Drivers in British Columbia (BC), Canada, are being warned to look out for deer, elk and moose while travelling along roads and highways during rutting season.
Rutting season, the annual mating time for deer, elk and moose, occurs from late October to December, with the most activity seen in mid-November.
During the rut, male deer show increased interest in female deer, as well as increased aggression toward other male deer, often causing animals to move quickly with little regard for their surroundings.
Travellers on BC highways are reminded to pay extra attention, especially when driving at dusk, dawn and night hours when animals are most active.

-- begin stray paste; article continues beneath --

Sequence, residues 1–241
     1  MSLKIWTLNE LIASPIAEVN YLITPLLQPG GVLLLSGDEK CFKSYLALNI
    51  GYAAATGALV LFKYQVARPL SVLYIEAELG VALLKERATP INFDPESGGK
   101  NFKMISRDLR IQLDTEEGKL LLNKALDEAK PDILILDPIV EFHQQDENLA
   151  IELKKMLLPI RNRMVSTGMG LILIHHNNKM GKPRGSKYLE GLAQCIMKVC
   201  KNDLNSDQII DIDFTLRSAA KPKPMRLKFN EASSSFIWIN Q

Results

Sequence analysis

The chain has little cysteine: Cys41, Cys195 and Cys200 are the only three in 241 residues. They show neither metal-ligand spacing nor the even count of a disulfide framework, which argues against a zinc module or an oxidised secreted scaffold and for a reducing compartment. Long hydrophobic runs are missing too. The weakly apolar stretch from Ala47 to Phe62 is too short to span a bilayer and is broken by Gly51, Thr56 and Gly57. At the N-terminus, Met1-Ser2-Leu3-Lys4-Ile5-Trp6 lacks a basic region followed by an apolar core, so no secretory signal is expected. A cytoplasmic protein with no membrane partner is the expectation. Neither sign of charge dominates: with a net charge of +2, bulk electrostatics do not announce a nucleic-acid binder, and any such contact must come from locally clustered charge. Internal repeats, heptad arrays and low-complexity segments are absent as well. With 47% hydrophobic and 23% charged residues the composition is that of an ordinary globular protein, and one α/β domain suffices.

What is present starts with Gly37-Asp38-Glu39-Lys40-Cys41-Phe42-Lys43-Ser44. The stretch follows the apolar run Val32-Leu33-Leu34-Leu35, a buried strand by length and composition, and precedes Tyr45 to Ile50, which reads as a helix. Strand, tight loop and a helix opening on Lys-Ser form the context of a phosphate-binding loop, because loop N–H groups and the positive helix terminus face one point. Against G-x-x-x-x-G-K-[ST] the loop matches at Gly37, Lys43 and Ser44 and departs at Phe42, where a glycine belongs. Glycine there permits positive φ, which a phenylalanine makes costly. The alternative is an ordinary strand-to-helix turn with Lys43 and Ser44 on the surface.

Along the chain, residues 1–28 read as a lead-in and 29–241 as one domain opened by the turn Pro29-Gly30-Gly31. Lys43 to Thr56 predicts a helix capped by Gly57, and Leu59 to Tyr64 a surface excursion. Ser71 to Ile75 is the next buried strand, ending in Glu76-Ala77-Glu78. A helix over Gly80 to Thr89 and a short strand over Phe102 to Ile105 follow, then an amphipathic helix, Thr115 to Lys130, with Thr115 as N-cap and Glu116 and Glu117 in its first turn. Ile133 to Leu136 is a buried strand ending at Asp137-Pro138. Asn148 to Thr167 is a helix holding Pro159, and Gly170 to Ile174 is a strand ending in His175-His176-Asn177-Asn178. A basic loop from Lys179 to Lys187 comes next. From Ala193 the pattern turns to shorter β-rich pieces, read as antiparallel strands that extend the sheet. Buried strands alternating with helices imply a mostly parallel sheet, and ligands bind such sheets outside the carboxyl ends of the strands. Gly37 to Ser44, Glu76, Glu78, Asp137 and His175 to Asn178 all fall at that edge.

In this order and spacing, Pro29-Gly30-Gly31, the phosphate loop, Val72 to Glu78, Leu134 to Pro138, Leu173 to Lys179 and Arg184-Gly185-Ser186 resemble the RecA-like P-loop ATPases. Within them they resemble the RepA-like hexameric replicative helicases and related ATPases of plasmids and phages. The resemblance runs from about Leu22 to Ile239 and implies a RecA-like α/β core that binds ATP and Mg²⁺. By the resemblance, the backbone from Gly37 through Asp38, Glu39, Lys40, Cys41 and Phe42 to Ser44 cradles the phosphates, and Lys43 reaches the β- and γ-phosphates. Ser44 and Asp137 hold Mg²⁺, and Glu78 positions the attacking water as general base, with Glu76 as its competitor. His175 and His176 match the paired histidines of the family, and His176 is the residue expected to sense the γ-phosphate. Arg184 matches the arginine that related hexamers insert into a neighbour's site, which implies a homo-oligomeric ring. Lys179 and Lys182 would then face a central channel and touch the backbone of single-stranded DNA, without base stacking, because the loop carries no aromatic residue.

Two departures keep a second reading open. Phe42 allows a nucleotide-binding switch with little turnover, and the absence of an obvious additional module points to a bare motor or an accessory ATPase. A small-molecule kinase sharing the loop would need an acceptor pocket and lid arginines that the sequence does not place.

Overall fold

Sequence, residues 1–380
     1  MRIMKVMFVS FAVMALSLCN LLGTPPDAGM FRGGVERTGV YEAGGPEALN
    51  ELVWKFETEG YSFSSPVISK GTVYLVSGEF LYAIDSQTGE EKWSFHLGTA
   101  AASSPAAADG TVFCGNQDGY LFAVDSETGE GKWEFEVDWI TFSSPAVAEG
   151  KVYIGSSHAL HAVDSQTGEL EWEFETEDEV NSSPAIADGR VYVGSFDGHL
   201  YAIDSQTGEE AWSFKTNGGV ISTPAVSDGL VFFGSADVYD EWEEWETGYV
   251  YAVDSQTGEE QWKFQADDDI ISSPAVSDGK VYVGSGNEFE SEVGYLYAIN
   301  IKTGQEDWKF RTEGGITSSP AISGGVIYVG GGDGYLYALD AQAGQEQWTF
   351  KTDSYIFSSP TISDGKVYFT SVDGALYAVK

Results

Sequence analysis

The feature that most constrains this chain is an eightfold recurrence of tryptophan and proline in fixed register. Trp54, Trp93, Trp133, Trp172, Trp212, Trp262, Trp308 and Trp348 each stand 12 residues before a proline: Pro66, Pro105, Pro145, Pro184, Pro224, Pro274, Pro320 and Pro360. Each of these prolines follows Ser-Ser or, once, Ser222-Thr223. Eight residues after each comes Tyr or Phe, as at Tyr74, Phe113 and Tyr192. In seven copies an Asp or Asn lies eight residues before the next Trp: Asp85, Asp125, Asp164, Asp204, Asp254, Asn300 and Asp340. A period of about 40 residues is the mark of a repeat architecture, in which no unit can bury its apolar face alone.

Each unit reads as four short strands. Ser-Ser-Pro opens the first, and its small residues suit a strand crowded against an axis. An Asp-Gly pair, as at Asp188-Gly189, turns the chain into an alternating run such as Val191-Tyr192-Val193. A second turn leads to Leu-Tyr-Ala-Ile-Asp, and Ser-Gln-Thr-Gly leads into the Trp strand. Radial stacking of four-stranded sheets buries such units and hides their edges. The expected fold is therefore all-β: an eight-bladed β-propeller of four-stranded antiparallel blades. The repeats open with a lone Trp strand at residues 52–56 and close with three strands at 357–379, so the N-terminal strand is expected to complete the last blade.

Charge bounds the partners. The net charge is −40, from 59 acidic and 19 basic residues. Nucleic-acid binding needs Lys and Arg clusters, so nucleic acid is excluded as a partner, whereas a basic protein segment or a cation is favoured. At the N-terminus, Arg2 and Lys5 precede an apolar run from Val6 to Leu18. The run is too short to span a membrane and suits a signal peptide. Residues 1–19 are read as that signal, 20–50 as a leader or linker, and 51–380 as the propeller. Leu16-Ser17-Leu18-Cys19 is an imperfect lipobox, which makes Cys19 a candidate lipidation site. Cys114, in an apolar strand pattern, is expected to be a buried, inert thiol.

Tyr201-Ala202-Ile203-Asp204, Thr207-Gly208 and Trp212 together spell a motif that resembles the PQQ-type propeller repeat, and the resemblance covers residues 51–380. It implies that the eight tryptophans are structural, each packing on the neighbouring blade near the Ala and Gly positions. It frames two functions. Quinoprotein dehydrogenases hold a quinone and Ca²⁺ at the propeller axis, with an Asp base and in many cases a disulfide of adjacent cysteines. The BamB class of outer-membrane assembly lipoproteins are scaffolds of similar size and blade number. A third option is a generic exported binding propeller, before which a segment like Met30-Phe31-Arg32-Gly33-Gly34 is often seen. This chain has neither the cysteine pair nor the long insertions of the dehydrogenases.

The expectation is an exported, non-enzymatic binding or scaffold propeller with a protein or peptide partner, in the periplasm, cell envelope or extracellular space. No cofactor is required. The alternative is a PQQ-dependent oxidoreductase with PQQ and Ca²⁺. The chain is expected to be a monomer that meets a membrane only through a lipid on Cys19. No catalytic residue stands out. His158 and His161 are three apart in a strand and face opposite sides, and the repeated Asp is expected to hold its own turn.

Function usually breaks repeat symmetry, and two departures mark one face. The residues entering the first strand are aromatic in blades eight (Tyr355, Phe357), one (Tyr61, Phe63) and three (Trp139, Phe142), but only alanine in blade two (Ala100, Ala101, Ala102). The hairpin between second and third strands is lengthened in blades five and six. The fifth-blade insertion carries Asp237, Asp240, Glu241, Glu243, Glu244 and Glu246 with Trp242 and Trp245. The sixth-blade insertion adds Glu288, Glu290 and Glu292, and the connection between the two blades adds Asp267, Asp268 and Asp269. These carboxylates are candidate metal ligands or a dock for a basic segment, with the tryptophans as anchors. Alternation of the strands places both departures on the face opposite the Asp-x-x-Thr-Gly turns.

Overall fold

The Government of BC offers the following tips for avoiding deer-vehicle collisions:
- Be vigilant when driving at peak hours when deer are most active: dawn and dusk. If you see one deer, watch for others, as these animals seldom travel alone.
- Be alert near wooded areas or green spaces, such as tree lines, parks and golf courses, and near water sources, such as lakes, ponds and streams.
- Watch for deer/elk crossing signs and flashing wildlife-warning signs, such as the ones recently installed on Highway 18 in Vancouver Island’s Cowichan Valley. These signs are placed in areas with high numbers of reported deer-vehicle incidents. Heed these warnings and adjust travelling speed accordingly.
- Keep your vehicle in good shape – make sure headlights, windshields and wipers are clean and in working condition.
- Use high beams at night when there are no oncoming vehicles to scan the road ahead. Honk your horn with one long blast to frighten animals away from your vehicle.